“You must thrive on 24-hour locations.”
  Hermes smiled weakly. Sienna could not imagine living this way, even if one was effectively immortal with unlimited energy.
  “Do you believe in God?” asked Sienna.
  “Which one?”
  “No, I mean do you believe in a conscious entity that created you? That helped you and your kind be released from the sun?” Sienna was geekily thrilled to be able to ask an effectively immortal person about their spiritual beliefs.
  “I’ve been alive for billions of years and have no direct experience or evidence to guide me in any way on that question. This is one of the reasons why my kind love your kind so much,” said Hermes.
  “OK,” said Sienna, “one thing that’s worrying me is the safety of this proposed child. This shadow god might come looking for her or him. What do I do?”
  “The plan is for that not to happen, but his or her job will be to protect you,” said Hermes. “Assuming you agree, I’ll modify your memory so that the information I’ve given you only pops into your mind when you and the child need it. You can’t reveal a secret you can’t remember.”
  “That makes sense I suppose,” said Sienna. “My husband won’t feel so bad.”
  “He will be the real father. I am but a donor,” said Hermes.
  “This is really way more advanced than the three-parent situation they had in the UK where a third parent was donating mitochondria,” mused Sienna.
  “Quite,” said Hermes. “Oh, wait.” He grabbed her hand.
  “Oh here we go,” Sienna said.
  Sienna could tell from the accents that they were in New York. “Are we in Manhattan?”
  “Yes,” said Hermes. “575 5th Avenue to be precise. This may sound strange, but it’s too risky to be seen with you. All over the world.”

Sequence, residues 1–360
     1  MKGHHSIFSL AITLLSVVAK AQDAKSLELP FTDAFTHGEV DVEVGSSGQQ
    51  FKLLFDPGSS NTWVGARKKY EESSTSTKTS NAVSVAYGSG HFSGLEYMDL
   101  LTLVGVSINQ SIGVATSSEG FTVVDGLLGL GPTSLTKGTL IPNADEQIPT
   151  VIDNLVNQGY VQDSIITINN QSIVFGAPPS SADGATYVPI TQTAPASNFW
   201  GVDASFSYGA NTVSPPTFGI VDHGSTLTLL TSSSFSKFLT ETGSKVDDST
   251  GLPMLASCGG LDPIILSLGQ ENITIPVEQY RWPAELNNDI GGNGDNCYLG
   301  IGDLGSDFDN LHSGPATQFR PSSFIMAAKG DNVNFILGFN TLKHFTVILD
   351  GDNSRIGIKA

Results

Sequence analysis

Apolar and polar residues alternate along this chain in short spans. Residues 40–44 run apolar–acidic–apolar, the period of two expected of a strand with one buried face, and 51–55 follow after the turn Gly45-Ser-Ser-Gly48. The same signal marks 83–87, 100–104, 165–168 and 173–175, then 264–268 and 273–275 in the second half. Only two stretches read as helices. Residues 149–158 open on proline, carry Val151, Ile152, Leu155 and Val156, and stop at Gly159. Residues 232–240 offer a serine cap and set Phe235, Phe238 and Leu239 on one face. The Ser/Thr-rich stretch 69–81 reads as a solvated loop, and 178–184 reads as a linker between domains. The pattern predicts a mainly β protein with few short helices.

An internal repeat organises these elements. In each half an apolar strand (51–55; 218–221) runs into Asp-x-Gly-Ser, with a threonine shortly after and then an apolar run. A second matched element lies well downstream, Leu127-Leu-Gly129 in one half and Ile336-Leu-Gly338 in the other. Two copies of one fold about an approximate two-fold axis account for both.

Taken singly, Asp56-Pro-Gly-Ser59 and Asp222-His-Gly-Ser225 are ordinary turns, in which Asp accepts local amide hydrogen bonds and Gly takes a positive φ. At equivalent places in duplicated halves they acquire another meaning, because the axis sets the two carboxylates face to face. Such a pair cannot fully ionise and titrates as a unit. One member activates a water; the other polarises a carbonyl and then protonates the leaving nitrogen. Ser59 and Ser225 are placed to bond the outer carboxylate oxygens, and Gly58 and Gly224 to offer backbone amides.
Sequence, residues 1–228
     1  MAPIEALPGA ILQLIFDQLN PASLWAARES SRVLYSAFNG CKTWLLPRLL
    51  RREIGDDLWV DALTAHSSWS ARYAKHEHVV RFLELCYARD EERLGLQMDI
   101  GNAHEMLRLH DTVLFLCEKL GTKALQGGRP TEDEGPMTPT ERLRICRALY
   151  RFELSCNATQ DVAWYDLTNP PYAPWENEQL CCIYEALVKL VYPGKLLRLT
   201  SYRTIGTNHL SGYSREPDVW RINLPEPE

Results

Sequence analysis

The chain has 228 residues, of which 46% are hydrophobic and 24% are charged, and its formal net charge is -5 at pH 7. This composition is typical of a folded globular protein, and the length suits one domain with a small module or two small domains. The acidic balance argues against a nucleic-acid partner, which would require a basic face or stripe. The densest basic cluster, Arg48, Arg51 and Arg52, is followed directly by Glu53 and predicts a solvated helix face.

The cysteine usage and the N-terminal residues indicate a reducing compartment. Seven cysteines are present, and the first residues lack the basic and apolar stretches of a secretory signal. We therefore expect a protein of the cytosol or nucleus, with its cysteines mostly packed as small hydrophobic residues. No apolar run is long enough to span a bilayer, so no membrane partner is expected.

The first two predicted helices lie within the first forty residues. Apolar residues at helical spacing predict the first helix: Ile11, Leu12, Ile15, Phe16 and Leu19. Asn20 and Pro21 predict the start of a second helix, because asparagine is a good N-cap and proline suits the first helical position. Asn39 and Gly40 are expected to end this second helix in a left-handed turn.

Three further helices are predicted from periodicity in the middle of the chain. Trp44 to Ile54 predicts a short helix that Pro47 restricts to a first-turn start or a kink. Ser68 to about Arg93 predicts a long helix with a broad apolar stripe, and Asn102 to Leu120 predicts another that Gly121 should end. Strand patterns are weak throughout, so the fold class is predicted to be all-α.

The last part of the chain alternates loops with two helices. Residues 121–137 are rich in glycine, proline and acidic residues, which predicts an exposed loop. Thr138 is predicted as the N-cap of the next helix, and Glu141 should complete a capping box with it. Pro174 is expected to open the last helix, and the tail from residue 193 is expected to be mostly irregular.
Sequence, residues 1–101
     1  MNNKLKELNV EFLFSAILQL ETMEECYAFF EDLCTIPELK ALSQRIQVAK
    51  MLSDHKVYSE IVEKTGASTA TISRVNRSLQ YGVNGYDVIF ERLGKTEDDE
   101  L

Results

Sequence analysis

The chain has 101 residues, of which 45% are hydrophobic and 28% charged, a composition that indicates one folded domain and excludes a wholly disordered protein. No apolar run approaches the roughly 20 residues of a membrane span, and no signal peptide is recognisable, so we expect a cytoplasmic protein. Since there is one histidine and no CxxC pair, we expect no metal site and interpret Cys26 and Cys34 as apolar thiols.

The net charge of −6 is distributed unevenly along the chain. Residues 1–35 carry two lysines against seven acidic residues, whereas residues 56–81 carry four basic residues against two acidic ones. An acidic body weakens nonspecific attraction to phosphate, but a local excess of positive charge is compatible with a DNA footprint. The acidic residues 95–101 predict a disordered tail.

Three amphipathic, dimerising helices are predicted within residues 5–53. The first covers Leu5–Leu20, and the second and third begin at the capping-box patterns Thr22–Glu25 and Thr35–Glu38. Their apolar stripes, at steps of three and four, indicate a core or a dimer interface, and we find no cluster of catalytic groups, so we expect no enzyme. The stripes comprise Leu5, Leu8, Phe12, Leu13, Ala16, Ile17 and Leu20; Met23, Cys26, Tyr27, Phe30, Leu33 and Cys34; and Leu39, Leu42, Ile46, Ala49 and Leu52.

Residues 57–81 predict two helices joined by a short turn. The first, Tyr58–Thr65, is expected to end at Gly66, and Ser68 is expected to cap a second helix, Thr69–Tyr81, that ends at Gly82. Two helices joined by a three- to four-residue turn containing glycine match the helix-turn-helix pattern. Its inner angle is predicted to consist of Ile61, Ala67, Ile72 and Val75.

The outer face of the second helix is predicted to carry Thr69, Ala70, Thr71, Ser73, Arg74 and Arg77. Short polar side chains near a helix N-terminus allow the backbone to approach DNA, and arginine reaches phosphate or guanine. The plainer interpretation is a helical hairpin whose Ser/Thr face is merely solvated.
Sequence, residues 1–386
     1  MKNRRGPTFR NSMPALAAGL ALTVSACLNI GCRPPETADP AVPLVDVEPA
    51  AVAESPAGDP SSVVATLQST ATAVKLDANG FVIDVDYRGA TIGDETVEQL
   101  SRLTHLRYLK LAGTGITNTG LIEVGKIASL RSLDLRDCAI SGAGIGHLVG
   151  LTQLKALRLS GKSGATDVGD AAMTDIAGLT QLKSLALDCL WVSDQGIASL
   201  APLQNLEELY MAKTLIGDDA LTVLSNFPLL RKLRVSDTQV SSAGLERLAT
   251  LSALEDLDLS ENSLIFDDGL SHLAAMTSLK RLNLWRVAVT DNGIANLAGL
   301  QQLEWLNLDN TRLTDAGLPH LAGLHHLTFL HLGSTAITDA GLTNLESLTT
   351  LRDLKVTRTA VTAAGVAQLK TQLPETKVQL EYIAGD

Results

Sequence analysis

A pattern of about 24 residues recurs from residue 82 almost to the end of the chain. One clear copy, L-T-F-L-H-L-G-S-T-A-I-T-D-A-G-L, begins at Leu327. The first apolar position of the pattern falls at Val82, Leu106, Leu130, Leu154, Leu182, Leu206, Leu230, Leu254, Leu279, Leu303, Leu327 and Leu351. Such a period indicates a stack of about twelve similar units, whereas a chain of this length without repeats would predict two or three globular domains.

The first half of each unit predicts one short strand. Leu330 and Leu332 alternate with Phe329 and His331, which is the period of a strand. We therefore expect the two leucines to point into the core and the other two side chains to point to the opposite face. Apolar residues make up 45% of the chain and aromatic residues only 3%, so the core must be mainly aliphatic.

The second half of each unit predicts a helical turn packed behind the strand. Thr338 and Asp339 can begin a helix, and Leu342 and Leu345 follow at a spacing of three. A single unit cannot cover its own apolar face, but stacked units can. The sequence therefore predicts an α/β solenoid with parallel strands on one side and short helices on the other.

“You want me to decide,” Sienna said.
  “Yes please.”
  “I have one last question,” she said. “Let’s assume when the sun was forming that the creation of your parents, what I’ll call the original Greek gods, was a natural process as a result of the development of the solar system. Could any of you have landed on another planet like Neptune or somewhere?”
  Hermes paused. “We never thought of it.”
  “It would be speculation,” said Hermes.
  “Your entire species of, er, energy creatures have been abducted. I think you can afford some logical guess work. Seriously, if the shadow god is not a god you recognize, he’s got to be from away. Another planet is more likely than another star system. Because if our dwarf star produced you, surely another star somewhere in the galaxy produced others like you.”
  “This is another reason why we need people,” said Hermes. “Fresh thinking.”
  “One last question,” Sienna said. “What would you guys do if you escaped?”
  “Hard to say, given I have no idea what conditions they have suffered, but for me I think I’d linger in a coffee shop for longer that a couple of minutes. However, I’m sorry to press, but what is your answer?”
  “I feel more like a participant in an experiment to save an endangered species than the mother of a pseudo-demigod,” said Sienna. “But, yes. I will. I’ll be the mother of your half god, half android, half human baby. What do we have to do?”